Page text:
In the early 1900’s, there were few reported cases of lubrication related failures in power generation turbines. In the 1920’s, oil quality was suspected in deposit tendencies. In the 1950s, oil oxidation problems were solved with just changing oil but it wasn’t until 1976 that General Electric reported the relationship between acid increase and how it was associated with deposit formation. Many power generation facilities were hydro power or fueled by coal. The problems pertaining to the reliability of the turbine oil system were based on maintaining an adequate oil supply to the system, reducing the influence of trapped air, and trouble free lubrication in cases of high oil temperature. The systems were dependent on a natural resource namely coal. While coal may have been plentiful, it still had to be mined and transported which was costly. There was a less expensive energy source – nuclear. In the 1970s, there was a major push to utilize nuclear energy which accounted for the majority of the energy produced but safety and nuclear waste concerns lost favor for other energy sources such as diesel and natural gas. Natural gas has always been a source of energy but it wasn’t until the mid-1990s that natural gas became the predominate source for energy fuel due to the advancement of hydraulic fracturing. In the beginning of 2000, natural gas became the major source of fuel to power turbines.
Lubricating oil for these power turbines also evolved with a shift in the base oil technology. Group I stock was used; it was inexpensive and it had a predictable, liner degradation path. In many instances, the turbine oil could last up to 10 to 15 years in service. When power generation units became more advanced, they produced a much more aggressive environment for turbine oils. The Group I technology was being challenged. Group II stock began being used which provided greater stability and less varnish generation due in part because of the reduced sulfur concentration that was been proven to contribute to acid generation and deposit build-up. Though Group II oils may create less varnish, the varnish created in Group I oils would stay in suspension more readily due to the better solvency properties. Group II base stock oils also have a higher viscosity index and when compounded with amine and phenolic anti-oxidant additives, are very stable over a much longer period of time and temperature fluctuations compared to Group I. This was advantageous to turbines with systems holding fifteen thousand gallons or more. Oil changes were expensive and the system required shut down. These new formulations resulted in higher performance and longevity but they still needed to be monitored and maintained. While a Group I base stock had a liner demise in performance, Group II base stocks maintained a high level but as soon as the life expectancy threshold was hit, the degradation path was exponential. Oil analysis became a must.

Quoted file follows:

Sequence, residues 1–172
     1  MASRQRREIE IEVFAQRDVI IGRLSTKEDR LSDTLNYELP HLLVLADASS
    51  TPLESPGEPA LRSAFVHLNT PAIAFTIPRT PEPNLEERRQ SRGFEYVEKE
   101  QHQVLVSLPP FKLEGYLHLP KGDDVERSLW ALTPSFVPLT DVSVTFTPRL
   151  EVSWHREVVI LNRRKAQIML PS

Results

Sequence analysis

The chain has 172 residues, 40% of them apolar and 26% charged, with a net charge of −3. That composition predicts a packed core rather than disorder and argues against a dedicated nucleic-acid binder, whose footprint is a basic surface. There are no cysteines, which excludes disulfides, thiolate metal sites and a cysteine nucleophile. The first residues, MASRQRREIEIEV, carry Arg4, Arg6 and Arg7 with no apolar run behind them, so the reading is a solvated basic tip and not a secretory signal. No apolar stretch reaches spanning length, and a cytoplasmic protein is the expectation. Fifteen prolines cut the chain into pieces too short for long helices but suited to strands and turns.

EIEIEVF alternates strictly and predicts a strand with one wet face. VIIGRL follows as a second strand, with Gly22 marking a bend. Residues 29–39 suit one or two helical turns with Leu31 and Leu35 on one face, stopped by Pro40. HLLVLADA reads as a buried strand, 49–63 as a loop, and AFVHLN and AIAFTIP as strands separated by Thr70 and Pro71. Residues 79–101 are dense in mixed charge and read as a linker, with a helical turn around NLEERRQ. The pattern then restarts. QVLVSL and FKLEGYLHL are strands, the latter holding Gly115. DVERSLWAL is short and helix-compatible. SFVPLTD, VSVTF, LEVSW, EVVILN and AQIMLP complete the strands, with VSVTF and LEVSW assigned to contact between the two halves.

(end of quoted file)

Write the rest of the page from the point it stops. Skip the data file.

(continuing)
The new systems used sensitive controls and experienced increased thermal stress loads. The duty cycles changed requiring turbine oils to have increased functions. Varnish now became an influential issue. Varnish on thrust bearings, bearing sleeves, sludge in gas turbines, and on valve spools cost the power generation industry millions of dollars in down time every year. Turbine lubricant oil manufacturers have stepped up to the challenge by engineering oils to address these issues by providing anti-corrosion, anti-wear, anti-oxidant, anti-foaming technology in the overall goal to produce oils that provide protection and can stay in the system for over twenty years. When systems are optimum, reliability is within grasp but often there is a false sense of confidence in the oil technology. Oil breakdown is complex mostly due to the degradation process of the base oil combined with additive breakdown and contamination. The only way to truly understand if a problem is emerging is thorough turbine oil analysis.
The combination of selecting an excellent product, controlling contamination as well as a testing protocol to identify emerging issues is the best approach to achieve the highest possible opportunity to achieve the greatest level of equipment productivity. ALS Tribology offers a systematic approach to turbine oil analysis through monthly, quarterly, and an annual comprehensive analysis regime. Contact ALS Tribology to find out how your power generation turbines can achieve the highest level of productivity entitlement.
Michael D. Holloway MLT1, OMA1, MLA1, CLS
Manager – Strategic Accounts and External Training, Tribology